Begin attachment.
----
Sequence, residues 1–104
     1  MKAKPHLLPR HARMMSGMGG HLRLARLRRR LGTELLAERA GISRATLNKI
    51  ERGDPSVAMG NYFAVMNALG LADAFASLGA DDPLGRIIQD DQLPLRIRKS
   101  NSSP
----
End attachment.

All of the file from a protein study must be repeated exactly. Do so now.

Sequence, residues 1–104
     1  MKAKPHLLPR HARMMSGMGG HLRLARLRRR LGTELLAERA GISRATLNKI
    51  ERGDPSVAMG NYFAVMNALG LADAFASLGA DDPLGRIIQD DQLPLRIRKS
   101  NSSP